Usually when it comes to introducing change and fine-tuning an already well-oiled machine, little and often is the sentiment called on by many cautious individuals, but unlike ‘the norms’ social media giants like Twitter have their own way of doing things and as previous developments imply they don’t do things by halves.
Once a minor annoyance, particularly when going on those long and drawn out personal rants that are so common in the social media sphere, Twitter’s 140-character limit is changing. The generous folks at Twitter are in fact giving us another 9,860 characters to play with, but why the big change?
New Year, new features…
Whilst we have been celebrating Christmas and New Year, and all the trimmings that come with it, Twitter has been busy building a brand new feature to make tweeting our longer ramblings a reality. According to the social media platform, the traditional 140 character limit will soon be no more and the new 10,000 character limit could hit our screens as early as the end of March.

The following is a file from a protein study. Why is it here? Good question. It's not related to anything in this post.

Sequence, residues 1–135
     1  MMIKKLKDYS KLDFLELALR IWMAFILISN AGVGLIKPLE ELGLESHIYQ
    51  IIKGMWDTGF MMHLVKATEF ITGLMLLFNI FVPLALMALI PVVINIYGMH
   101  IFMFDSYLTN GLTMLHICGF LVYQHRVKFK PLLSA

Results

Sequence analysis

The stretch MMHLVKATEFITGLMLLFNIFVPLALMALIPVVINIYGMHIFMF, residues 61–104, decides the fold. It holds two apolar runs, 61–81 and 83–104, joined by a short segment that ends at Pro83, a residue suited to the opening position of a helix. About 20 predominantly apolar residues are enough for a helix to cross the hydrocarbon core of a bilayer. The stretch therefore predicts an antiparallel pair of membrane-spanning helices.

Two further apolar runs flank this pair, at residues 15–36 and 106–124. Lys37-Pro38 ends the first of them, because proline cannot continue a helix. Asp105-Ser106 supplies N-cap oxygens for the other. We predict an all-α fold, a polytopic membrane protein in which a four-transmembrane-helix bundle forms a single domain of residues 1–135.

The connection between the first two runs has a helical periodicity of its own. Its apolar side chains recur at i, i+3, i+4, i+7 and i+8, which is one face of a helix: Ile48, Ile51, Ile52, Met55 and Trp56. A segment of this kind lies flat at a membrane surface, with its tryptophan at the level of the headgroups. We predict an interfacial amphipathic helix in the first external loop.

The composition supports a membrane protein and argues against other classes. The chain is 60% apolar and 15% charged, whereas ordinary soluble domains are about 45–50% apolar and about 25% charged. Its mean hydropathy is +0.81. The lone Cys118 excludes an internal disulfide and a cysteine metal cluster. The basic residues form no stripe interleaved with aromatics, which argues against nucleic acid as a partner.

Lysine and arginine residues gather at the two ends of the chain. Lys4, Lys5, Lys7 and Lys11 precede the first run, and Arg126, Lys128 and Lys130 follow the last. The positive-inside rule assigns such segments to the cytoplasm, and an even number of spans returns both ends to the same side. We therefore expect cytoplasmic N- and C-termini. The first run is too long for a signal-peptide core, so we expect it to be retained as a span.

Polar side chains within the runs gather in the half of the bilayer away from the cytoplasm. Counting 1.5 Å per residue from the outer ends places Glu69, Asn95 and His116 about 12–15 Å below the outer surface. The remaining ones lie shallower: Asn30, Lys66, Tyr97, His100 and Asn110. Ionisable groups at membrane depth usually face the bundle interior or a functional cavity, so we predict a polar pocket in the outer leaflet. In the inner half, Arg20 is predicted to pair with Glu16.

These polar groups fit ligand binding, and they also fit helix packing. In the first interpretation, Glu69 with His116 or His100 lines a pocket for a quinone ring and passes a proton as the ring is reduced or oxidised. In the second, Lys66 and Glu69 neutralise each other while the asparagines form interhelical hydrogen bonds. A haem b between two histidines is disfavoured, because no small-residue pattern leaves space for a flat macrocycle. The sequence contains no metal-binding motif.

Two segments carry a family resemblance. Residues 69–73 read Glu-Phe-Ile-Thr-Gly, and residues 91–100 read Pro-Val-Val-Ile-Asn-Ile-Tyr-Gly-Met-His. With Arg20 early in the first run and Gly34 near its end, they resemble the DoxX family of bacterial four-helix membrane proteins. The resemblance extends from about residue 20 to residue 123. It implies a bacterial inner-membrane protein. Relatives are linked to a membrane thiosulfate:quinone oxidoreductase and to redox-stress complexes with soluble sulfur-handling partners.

The new limit falls in line with the character limit used on their direct messaging feature so for social media specialists like ourselves the increase isn’t a completely jaw dropping advancement. Leading the development is a team affectionately known as ‘Beyond 140’, whilst it’s apparent that interim CEO Jack Dorsey is keen to leave his mark on the company with his latest brainchild.
What else will change?
The upgrade in characters may seem an easy feature to incorporate, however from a functionality point of view the development comes with a whole host of issues, many of which the guys at Twitter will ironing out in the run up to the big launch. The feature itself has been in this testing phase since September 2015 with concerns about its design topping the list. The increased character limit will after all need to be user friendly and not compromise the clear and understated design that the platform has become known and loved for. Tweets will of course be bigger but as past changes have proven bigger tweets with more content or even bigger images have impacted heavily on user engagement, a problem Twitter is keen to avoid.
Changing the platform’s most established feature may seem like a risky move, but is it a move in the right direction for Twitter and will extending the limit to the overindulgent 10,000 characters lure in the new users that the social media giant wants? Only time will tell we suppose!